The number of Medicare Advantage beneficiaries receiving Special Supplemental Benefits for the Chronically Ill (SSBCI) has skyrocketed — from 1 million in 2020 to 3 million in 2021— according to a new report by healthcare consulting firm Avalere. This, says Avalere, indicates that plans are gaining more insight into the impact that such benefits can have on beneficiary outcomes and costs.
In addition to the most common SSBCI offerings — namely meals, food and produce, and pest control — new offerings in 2021 include grocery and prescription delivery. Such benefits are particularly helpful to older adults living at home during the pandemic — and provide a boon to MA enrollment.
Supplemental benefits are additional services offered by MA plans that are not covered under Medicare Part A, Part B, or Part D. Starting in 2020, the Centers for Medicare & Medicaid Services allowed plans, for the first time, to target non-primarily health-related supplemental benefits to beneficiaries with chronic illnesses. This gave MA plans more flexibility to address social determinants of health, or those social and environmental factors that may impact beneficiary health.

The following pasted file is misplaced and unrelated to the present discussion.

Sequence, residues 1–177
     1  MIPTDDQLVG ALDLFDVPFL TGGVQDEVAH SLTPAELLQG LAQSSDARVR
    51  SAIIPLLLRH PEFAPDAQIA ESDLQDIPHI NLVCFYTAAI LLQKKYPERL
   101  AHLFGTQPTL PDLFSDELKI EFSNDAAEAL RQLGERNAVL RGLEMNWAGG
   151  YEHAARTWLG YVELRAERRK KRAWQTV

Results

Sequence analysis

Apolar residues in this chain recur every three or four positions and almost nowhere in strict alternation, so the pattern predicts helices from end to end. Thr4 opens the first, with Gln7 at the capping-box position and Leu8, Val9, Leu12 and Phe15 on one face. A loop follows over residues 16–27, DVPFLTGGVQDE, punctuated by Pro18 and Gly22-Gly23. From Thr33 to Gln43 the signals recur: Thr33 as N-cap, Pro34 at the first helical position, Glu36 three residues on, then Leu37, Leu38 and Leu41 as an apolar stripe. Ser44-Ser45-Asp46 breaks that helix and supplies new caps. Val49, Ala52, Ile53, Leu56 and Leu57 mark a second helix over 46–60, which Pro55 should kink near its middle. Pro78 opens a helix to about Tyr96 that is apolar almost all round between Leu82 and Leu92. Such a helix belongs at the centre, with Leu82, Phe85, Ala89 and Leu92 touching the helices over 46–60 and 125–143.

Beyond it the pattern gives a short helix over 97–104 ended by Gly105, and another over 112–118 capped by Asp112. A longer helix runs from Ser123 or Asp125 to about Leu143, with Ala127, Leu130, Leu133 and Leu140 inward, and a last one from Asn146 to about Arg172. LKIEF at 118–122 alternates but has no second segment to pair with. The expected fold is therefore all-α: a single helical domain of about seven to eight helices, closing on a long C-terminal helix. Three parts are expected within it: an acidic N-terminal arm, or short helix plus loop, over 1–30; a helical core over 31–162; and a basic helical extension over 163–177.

The report shows that the 787 MA plans offered by 44 parent organizations provide SSBCI benefits. These represent 16% of all analyzed MA plans. A majority (86%) of the total Medicare beneficiary population live in counties where at least 1 MA plan that offers at least 1 type of SSBCI is available.